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Comment & Response
February 25, 2019

Nonconforming Gender Expression, Mental Distress, and Substance Abuse in Adolescents—Reply

Author Affiliations
  • 1Division of Adolescent and School Health, National Center for HIV/AIDS, Viral Hepatitis, STD, and TB Prevention, Centers for Disease Control and Prevention, Atlanta, Georgia
JAMA Pediatr. 2019;173(4):400-401. doi:10.1001/jamapediatrics.2019.0018

In Reply Thank you for the opportunity to respond to the Letter to the Editor regarding our article, “Nonconforming Gender Expression and Associated Mental Distress and Substance Use Among High School Students.”1 We would like to address, in turn, each of the 3 issues raised in that letter.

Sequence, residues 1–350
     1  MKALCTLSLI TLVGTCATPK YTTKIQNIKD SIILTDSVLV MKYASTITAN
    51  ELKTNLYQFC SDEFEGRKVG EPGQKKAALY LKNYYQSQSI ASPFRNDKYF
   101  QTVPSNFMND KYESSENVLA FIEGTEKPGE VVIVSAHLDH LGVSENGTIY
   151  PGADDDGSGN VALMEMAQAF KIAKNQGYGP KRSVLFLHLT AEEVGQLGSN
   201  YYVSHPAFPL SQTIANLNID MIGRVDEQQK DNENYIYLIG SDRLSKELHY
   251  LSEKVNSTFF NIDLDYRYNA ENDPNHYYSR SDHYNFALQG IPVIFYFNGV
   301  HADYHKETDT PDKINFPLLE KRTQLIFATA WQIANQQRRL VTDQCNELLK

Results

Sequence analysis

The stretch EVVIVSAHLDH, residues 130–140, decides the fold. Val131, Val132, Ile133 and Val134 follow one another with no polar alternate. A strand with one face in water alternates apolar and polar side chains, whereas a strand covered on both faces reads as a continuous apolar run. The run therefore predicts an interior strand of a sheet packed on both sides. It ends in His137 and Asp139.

Our findings are based on data collected from high school students attending large urban school districts. As such, it is appropriate to consider the extent to which our findings “could be applied to or perhaps amplified in adolescents living in rural communities.” Research on LGBT youths indicates that those in rural communities face more hostile school climates than those in urban areas,2 and environmental stressors are known to affect substance use and mental health.3 Although the patterns observed in our analysis are independent of sexual identity, often bullying/harassment directed toward adolescents for sexual orientation and gender identity/expression overlap.4 Against this backdrop it stands to reason that the association between gender nonconformity (GNC) and mental distress/substance use may be amplified for rural youth; however, the scientific literature would benefit from direct examination of these associations in rural areas.

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